African Proverb

As you introduce your family to something from another culture, be aware that you cannot assume that whatever you are looking at or reading describes an entire people. Taking this concept a step further, a short visit to another culture does not make you an expert on that culture. I will be the first to encourage a visit to any place in the world, but when you walk into a country and see 3 days of one city, remember that you are just seeing a small glimpse into a complex and vast culture.

  • Different things are not bad, they are just different.

Point 4 actually goes along with point 2, but it needs to be emphasized: different is just different. Squatty potties and western toilets are just different. Cooked bugs and cooked fish are just different types of food. Art can be different styles. Clothes worn by Japanese peoples are different from clothes worn by Moroccan peoples. Favorite music from tribal peoples in the rainforests of South America are different from those you hear in Bollywood. These examples are easy to picture and the differences probably seem obvious. However, what if you find a culture that thinks every price is negotiable? You may say that just sounds different, but what if someone then came to America and started negotiating the price of her gym membership? (That is a real example.) In America, gym membership prices are not negotiable, but remembering that her perspective is just different will help you be more patient when you try to help her understand.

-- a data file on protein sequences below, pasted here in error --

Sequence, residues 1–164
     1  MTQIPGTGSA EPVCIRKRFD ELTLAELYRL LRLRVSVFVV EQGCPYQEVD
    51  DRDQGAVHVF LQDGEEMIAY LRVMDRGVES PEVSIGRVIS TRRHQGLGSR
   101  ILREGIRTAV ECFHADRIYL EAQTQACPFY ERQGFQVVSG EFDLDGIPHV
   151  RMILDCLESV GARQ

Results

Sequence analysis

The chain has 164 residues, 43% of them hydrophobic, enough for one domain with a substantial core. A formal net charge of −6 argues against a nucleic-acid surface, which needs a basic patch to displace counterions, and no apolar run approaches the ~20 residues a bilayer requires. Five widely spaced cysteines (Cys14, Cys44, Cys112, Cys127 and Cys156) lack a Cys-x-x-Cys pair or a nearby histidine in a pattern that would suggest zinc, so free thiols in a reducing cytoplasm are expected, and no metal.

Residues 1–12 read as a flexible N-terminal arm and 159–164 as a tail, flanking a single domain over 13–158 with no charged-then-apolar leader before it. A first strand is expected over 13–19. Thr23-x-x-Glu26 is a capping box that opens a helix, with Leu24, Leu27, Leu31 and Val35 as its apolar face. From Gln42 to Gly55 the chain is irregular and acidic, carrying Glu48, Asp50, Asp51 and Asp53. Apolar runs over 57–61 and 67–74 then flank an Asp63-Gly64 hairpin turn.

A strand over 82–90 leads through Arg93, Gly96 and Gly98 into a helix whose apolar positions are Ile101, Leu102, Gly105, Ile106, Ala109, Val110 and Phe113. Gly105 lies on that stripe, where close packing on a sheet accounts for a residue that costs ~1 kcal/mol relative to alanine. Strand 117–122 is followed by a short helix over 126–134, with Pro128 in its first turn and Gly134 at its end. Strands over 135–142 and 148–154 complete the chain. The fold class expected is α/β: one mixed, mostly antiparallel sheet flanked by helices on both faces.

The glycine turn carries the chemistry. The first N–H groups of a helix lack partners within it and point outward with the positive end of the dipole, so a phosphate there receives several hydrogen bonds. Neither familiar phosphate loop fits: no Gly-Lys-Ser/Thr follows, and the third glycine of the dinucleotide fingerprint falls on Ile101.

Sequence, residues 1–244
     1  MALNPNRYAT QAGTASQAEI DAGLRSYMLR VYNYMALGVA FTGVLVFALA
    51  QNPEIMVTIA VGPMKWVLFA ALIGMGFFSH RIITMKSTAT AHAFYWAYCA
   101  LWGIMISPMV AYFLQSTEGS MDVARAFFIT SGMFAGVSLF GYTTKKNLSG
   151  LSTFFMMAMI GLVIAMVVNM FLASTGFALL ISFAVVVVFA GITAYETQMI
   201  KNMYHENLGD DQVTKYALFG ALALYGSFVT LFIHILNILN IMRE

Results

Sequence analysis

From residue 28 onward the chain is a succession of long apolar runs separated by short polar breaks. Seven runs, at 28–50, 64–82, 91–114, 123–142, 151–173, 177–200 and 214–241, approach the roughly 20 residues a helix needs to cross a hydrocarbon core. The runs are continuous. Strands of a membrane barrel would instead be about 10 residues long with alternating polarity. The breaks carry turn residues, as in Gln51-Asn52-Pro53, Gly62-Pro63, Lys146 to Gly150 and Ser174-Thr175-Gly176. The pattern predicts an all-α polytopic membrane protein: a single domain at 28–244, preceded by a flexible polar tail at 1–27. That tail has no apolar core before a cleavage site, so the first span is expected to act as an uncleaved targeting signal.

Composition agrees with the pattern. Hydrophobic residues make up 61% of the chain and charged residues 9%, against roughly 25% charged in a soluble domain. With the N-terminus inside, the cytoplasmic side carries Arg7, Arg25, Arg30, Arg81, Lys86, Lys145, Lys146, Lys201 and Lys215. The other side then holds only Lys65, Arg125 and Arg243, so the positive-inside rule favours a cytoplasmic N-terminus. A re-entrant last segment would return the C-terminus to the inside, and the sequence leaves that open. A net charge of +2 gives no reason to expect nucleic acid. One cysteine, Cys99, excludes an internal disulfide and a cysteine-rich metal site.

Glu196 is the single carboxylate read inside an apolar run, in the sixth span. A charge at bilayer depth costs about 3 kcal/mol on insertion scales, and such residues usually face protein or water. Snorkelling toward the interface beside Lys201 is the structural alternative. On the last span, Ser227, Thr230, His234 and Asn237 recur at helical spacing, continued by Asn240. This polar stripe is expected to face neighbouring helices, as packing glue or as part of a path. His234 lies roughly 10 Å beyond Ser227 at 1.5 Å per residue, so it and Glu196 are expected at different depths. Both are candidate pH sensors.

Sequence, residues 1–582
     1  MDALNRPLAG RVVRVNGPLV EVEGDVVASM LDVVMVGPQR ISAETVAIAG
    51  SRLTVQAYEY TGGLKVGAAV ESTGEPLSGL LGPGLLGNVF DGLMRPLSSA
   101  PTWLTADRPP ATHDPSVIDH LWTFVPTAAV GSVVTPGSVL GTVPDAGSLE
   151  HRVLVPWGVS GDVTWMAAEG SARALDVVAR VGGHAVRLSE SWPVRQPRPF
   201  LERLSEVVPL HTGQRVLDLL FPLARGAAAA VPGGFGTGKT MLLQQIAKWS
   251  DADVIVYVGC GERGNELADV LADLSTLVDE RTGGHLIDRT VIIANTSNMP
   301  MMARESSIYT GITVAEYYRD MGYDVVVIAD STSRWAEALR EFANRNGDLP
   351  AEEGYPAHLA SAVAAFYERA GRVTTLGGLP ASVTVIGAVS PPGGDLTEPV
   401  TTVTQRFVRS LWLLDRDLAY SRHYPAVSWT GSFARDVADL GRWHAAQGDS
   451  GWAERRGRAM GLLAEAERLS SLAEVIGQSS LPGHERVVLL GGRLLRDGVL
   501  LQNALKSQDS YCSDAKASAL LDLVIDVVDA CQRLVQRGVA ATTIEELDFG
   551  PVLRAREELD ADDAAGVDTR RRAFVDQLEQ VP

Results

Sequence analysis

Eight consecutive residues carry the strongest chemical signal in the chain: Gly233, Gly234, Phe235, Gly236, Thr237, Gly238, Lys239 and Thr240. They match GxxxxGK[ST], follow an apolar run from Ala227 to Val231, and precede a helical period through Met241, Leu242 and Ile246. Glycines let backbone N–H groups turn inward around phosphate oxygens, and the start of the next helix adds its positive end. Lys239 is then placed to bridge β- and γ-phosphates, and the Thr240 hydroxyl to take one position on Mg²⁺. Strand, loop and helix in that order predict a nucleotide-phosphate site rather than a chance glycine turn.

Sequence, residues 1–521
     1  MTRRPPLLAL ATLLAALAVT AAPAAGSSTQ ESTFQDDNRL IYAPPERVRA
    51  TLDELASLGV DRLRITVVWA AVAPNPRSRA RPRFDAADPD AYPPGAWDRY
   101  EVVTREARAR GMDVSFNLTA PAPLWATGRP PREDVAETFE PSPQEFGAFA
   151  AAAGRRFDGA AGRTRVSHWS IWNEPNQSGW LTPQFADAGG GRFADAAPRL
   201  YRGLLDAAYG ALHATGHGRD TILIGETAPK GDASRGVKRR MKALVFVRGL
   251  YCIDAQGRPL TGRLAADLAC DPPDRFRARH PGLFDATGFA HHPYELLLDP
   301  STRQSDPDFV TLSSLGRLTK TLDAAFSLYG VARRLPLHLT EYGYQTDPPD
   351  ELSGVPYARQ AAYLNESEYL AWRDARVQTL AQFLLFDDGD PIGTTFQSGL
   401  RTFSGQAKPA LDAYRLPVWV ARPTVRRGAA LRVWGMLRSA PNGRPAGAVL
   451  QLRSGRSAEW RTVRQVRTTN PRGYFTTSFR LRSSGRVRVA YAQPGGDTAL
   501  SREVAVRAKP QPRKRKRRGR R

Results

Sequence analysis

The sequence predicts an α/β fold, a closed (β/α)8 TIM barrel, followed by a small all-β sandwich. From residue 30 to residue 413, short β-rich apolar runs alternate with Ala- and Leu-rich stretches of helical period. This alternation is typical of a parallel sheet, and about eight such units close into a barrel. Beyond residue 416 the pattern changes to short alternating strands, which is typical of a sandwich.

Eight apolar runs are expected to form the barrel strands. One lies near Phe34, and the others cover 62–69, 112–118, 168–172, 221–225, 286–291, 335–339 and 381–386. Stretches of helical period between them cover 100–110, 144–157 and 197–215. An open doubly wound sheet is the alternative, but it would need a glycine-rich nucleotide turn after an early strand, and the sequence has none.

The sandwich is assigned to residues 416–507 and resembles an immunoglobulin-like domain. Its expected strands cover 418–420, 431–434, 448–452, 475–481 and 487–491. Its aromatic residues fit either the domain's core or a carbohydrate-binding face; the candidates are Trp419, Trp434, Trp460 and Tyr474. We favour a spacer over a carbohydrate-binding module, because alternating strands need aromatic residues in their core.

Of course, when you are learning an overview of a culture these things may not come up, but they do exist. Differences are hard to look past sometimes, especially when what is different is offensive in our culture. (Remember that I am not talking about moral issues, but just things that may make you uncomfortable.) Try to think about things from the perspective of others, and do not place malicious intent where there is no proof of it.